In 2021 I was supposed to attend my 30-year MBA reunion and like most events that year it was cancelled. Instead, the school and a team of classmates arranged a large Zoom call so we could gather virtually and see each other. We had classmates attend from many countries and it was a great time.
When the planning started for our in-person delayed reunion for May 2022, I suggested it would be great to offer some part of the event virtually to allow those who were unable to come back to campus the opportunity to be part of the reunion. The organizing team agreed and promptly added me to the team and assigned me the job to set this up since this is my area of expertise.
After a lot of planning and work, we pulled off a successful hybrid event on the evening of May 7, 2022. It brought together 90 people in a tent on a mountain at a golf course in New Hampshire with classmates from Australia, Brazil, Mexico, and a number of different US states. We were able to have everyone involved in a 45-minute program and everyone enjoyed it. Here what it looked like when I was getting the Zoom call started.
I used three laptops (shown in the picture above), an iPad, an external webcam, and standard Zoom and PowerPoint to run everything. I had an AV tech there to run the sound system as we had two 70-inch TVs and a four-speaker audio setup.
As I reflected on the event in the days after, I realized that I had learned many lessons about running hybrid events that would be helpful to share with professionals who find themselves presenting in a hybrid setup more often now and will do so in the future. Over the next few months I will document and share these lessons.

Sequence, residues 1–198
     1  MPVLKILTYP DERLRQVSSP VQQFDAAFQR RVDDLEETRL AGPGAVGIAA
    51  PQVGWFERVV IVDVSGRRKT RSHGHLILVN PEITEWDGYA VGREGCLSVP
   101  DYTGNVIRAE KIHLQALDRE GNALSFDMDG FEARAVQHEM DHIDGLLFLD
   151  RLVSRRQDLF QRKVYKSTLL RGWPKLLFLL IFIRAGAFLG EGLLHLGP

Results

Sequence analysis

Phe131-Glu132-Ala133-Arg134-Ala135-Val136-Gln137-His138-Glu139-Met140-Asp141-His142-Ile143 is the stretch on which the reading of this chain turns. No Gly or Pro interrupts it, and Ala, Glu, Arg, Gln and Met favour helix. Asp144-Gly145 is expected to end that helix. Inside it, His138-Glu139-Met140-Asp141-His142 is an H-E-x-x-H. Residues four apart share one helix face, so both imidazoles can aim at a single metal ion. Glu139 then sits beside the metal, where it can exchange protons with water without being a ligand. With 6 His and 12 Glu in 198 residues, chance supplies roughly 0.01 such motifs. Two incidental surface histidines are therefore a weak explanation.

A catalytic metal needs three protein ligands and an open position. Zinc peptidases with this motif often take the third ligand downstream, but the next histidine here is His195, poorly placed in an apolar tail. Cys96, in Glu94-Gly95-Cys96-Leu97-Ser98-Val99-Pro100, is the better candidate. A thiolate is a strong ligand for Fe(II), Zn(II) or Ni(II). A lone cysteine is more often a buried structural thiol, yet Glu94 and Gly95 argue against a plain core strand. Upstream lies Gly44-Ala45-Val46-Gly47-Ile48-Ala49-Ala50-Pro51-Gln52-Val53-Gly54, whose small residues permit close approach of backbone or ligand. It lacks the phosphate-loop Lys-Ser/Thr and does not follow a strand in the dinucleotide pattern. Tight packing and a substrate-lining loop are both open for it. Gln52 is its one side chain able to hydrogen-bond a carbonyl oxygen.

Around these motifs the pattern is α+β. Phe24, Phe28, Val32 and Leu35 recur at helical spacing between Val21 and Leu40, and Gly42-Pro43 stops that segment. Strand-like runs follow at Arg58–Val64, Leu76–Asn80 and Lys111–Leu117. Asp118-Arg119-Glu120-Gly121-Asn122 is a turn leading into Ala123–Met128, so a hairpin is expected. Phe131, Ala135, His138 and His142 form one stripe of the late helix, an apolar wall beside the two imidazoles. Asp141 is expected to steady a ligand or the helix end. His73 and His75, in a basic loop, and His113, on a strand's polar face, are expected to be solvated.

Below is a list of the lessons I’ve published so far. Each lesson will share an aspect of what I did at this event and how you can apply it in the hybrid meetings you will run. If you want help improving the virtual and hybrid presentations of your team, get in touch and we can customize a course to meet your specific needs.
Dave Paradi has over twenty-two years of experience delivering customized training workshops to help business professionals improve their presentations. He has written ten books and over 600 articles on the topic of effective presentations and his ideas have appeared in publications around the world. His focus is on helping corporate professionals visually communicate the messages in their data so they don’t overwhelm and confuse executives. Dave is one of fewer than ten people in North America recognized by Microsoft with the Most Valuable Professional Award for his contributions to the Excel, PowerPoint, and Teams communities. His articles and videos on virtual presenting have been viewed over 4.8 million times and liked over 17,000 times on YouTube.